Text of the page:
Kellen was her weakness, had always been, and if she let the world know he existed, her enemies would use him against her. They would threaten him. They would use him to put her back into her box and make her shut up.
That weakness, the fault in a dragon’s scales, the dry spot on Achilles’ heel, was love. Love created loss. Love was baggage.
No wonder the mentors had broken them apart. No wonder she must do it again.
“You’re trembling like a guilty thing surprised,” he said, his voice half-muffled. “Cold?”
“Am I crazy or did you just whip out Wordsworth on me?”
“Definitely crazy, but then, you’ve always been mad’s a hatter.”
She smiled. “Loopy as a shoelace.”
His hair was fine and soft, even softer than Yoink’s fur. She could stroke it all day, every day. This could be her life.
What if they just ran away? Got a unit somewhere, made her digitally dead again, pretended to be the people they should have been, might have been, if no one else had ever intruded on their lives and destinies. Oh, she knew it wasn’t real; she knew why they couldn’t. In that scenario, the attacks would continue, people would die, and both of them would be eaten from the inside with guilt.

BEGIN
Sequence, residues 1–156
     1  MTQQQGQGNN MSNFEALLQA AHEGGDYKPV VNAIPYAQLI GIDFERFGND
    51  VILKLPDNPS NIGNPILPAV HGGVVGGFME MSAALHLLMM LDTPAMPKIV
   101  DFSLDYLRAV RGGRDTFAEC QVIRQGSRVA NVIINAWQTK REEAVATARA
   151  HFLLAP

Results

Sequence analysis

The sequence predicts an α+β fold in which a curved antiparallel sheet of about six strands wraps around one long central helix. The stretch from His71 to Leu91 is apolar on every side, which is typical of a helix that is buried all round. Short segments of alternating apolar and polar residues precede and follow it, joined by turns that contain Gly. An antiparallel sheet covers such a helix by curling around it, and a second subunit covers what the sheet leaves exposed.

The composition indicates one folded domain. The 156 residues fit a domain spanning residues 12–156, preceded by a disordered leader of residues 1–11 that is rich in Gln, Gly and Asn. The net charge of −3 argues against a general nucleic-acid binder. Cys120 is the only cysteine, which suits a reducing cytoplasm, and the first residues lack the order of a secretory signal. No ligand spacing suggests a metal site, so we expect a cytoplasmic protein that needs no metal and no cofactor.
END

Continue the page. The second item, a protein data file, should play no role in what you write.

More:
But for half a second, a stolen frozen moment under the ocean and on the edge of uncertainty, she indulged the fantasy. It was pretty amazing.
So amazing she wanted to—needed to—share it. With him.
Turned out she could. Com room, right? She knew how to use one of those. She knew how to merge her thoughts with another person’s. Show him her feelings. Let him into her head. And at the same time, closet away everything he oughtn’t see there, shhhh.
Emotion casting was totally her wheelhouse.
She swept one hand over the communications board. The bulkhead separating the com module from the rest of the sub lowered slowly. Hissed. Sealed.
“When we were out by the car looking at the ocean in the dark,” she told him, making her voice into a lullaby, “I watched you get into your dive kit. I watched your body in the moonlight, and you know what I couldn’t stop thinking?”
“That you’d better ought give a man his pride and look away when he’s that cold?”
“That somebody with a gift should carve your likeness. And I would put it by my bed and go to sleep every night, enchanted by such beauty. And I would never have a nightmare again.”
“Y’know, you can spout poetry till your voice goes, gal, but sayin’ a thing, even a real pretty thing, don’t make it true.”
“I know.” Her throat was so thick with tears, she could hardly speak. “I am a fantastic liar, though, and just once, I need to show you my best lie, my myth and fantasy. I need to make you believe. Please let me.”

Excerpt. © Reprinted by permission. All rights reserved.
 
 

Thanks for blogging at HJ!

 

Giveaway: Print copy of Perfect Gravity (Wanted and Wired) by Vivien Jackson (US/Canada)

 

To enter Giveaway: Please complete the Rafflecopter form and Post a comment to this Q: Has there ever been a time when a great story helped you overcome a personal struggle? What was the book?

 
a Rafflecopter giveaway

 

Book Info: